Folklore says the violet connotes a love that is delicate. The sensibility of delicacy is also associated with the violet from ancient mythology. Roman and Greek myths recount a tragic story of one of the goddess Diana’s (Artemis) nymph companions, all of whom had sworn to stay maidens. The nymph was unrelentingly chased by Diana’s twin brother, Apollo, so that Diana changed the nymph into a violet to protect her. The modesty of the nymph is attributed to the violet.  Inspired by mythology, Victorian floriography—-the language of flowers—-assigns to the violet a meaning of retiring modesty. The white violet, in the Victorian mind, means candor; innocence, too. It was much the same during the Renaissance, when the meanings of flowers were not just simple assigned values, but reflected an essence that led to an understanding of the Divine. Under the influence of Classical scholarship and religious symbolism, the violet during the Renaissance also meant modesty.
The ancient Persians and Greeks used the violet to heal the heart and the head. An infusion of violets in hot water helped to ease a broken heart. Greeks used the plants to help induce sleep, and to calm anger. It was used as a symbol of innocence and modesty. Medieval Christians believed violets were once strong, upright flowers until the day, the shadow of the cross fell upon them on Mount Calvary. Forever after they bowed in shame at what man had done. In connection with this legend, violets were often used in Good Friday ceremonies. However, while the violet is usually noted as being modest, Sir Walter Scott once characterized it as a ~boastful queen of the forest flowers.~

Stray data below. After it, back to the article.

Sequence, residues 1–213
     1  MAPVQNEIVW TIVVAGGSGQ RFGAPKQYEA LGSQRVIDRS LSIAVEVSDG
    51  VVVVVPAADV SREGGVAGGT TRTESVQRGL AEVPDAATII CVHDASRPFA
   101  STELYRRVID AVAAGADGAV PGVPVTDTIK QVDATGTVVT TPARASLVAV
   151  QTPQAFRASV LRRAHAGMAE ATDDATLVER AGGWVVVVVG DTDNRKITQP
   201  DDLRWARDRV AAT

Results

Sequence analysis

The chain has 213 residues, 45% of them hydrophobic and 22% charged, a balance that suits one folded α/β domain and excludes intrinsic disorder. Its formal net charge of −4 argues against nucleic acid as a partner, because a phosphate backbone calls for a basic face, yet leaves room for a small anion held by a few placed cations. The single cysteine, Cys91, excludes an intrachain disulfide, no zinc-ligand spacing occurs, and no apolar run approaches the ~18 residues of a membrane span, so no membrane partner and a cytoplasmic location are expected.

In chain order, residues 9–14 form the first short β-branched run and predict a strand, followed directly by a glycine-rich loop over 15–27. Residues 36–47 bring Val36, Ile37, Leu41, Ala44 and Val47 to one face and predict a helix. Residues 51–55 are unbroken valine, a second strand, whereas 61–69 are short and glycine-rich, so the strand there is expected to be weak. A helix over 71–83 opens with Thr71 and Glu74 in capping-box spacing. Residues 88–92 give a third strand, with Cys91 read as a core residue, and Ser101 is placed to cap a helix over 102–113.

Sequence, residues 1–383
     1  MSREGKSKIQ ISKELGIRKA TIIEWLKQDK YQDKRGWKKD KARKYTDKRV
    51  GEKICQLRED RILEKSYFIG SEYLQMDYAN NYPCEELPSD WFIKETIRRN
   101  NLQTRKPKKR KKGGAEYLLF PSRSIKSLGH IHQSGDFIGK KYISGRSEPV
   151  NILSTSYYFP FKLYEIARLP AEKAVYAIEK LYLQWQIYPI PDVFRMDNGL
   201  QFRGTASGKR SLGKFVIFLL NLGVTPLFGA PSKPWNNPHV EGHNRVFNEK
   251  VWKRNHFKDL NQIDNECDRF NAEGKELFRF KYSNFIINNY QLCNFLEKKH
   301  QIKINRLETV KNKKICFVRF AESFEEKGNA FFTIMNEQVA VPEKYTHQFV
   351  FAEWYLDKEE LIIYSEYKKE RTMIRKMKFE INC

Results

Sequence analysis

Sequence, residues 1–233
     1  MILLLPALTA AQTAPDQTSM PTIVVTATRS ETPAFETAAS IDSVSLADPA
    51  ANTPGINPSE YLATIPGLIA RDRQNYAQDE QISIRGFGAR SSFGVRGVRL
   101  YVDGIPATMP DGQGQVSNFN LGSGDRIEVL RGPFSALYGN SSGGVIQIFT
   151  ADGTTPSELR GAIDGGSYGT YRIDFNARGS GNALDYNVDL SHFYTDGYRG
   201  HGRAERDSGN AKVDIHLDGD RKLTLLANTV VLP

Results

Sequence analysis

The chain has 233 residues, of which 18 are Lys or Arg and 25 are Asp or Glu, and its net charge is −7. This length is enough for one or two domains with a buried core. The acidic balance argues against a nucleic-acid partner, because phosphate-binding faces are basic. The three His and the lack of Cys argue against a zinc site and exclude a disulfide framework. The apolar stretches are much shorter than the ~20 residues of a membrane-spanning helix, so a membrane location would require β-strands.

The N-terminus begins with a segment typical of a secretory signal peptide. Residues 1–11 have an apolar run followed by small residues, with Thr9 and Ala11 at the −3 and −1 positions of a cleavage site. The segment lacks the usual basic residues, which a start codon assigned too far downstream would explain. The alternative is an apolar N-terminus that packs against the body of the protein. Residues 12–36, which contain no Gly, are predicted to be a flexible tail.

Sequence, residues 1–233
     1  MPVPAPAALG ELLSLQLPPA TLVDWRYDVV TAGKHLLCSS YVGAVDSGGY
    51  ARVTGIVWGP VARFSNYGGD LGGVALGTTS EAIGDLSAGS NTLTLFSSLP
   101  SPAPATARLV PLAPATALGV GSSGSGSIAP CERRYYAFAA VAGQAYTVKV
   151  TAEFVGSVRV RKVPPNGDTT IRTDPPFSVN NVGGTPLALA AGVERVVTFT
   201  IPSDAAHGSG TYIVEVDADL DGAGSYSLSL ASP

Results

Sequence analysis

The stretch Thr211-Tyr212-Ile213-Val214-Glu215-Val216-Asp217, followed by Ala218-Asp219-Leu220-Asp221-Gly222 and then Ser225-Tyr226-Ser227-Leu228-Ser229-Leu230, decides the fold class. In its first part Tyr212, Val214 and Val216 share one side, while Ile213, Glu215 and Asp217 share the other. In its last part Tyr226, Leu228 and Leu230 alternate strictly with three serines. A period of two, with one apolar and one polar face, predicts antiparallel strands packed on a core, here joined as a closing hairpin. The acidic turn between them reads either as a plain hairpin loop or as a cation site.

Violets are also considered to be funeral flowers. It was thrown in graves for remembrance in rural England. The mourners also carried violets to protect themselves against poisonous exhalations while in the cemetery. In ancient Greece, so many violets were placed in a grave that they almost completed concealed the body, and they were also scattered about tombs. Persephone was gathering violets the day she was kidnapped by Pluto and carried off to the Underworld. Josephine had them showered on her coffin when she died. Napoleon the Little was buried under a pall of woven violets. Because of their association with death, violets became a flower of ill omen. 
When newly opened, viola flowers may be used to decorate salads or in stuffings for poultry or fish. Soufflés, cream, and similar desserts can be flavoured with essence ofViola flowers. The young leaves are edible raw or cooked as a somewhat bland leaf vegetable. The flowers and leaves of the cultivar ‘Rebecca’, one of the Violetta violets, has a distinct vanilla flavor with hints of wintergreen. The pungent perfume of some varieties of V. odorata adds inimitable sweetness to desserts, fruit salads, and teas while the mild pea flavor of V. tricolor combines equally well with sweet or savory foods, like grilled meats and steamed vegetables. The heart-shaped leaves of V. odorata provide a free source of greens throughout a long growing season.